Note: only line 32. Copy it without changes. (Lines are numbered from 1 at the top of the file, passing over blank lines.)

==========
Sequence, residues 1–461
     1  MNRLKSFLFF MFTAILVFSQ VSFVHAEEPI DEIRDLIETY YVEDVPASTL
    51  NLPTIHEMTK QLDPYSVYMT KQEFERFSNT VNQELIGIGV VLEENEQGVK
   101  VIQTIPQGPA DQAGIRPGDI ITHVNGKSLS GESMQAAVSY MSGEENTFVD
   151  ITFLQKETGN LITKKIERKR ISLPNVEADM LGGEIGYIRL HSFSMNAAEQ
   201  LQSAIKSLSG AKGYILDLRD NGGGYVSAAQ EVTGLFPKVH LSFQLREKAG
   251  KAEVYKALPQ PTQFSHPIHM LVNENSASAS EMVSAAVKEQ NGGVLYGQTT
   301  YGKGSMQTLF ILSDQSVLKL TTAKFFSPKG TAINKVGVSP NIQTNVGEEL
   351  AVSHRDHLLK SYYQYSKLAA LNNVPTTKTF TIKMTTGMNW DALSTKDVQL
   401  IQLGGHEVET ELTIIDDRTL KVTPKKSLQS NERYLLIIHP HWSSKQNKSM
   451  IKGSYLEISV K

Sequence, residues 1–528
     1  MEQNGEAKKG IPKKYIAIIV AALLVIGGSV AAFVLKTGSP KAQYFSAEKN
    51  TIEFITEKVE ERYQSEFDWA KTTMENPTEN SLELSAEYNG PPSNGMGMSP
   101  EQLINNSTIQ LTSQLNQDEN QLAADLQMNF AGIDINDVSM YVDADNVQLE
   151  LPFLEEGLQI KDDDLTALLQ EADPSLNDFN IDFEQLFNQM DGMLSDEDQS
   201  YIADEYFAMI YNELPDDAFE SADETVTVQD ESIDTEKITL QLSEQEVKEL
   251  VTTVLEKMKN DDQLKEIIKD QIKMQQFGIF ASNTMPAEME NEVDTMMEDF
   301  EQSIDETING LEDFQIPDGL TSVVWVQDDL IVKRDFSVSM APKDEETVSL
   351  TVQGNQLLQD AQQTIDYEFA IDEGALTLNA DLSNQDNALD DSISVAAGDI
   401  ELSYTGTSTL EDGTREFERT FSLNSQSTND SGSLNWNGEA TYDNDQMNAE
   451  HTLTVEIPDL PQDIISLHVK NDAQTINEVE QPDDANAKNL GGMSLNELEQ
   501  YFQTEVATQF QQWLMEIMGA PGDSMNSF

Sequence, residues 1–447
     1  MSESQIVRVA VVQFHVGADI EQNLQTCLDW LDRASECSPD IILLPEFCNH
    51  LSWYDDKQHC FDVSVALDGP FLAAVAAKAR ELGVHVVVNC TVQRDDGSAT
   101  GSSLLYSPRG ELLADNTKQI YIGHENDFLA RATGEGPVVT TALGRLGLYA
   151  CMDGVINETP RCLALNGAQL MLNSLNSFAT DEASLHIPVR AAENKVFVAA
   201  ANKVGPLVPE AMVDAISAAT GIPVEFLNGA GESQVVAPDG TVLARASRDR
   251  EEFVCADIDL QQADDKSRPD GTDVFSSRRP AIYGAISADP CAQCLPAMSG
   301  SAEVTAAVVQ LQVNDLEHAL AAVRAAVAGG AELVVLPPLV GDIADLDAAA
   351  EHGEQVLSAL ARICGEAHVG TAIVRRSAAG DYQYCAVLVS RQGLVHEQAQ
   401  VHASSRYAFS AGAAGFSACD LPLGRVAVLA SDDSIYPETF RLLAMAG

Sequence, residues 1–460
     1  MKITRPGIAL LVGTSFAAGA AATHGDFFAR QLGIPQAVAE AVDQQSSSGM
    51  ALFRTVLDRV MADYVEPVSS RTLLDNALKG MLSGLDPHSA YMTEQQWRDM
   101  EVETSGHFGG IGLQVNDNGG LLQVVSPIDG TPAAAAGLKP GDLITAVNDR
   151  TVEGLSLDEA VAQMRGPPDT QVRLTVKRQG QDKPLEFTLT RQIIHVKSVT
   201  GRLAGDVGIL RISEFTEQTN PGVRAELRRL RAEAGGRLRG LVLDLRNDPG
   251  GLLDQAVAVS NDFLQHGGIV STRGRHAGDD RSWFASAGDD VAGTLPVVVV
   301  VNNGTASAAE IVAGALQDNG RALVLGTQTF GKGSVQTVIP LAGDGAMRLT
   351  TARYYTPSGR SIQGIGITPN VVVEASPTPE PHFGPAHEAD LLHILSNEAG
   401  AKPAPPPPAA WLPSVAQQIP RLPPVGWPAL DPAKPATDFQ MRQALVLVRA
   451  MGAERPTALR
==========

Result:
   351  EHGEQVLSAL ARICGEAHVG TAIVRRSAAG DYQYCAVLVS RQGLVHEQAQ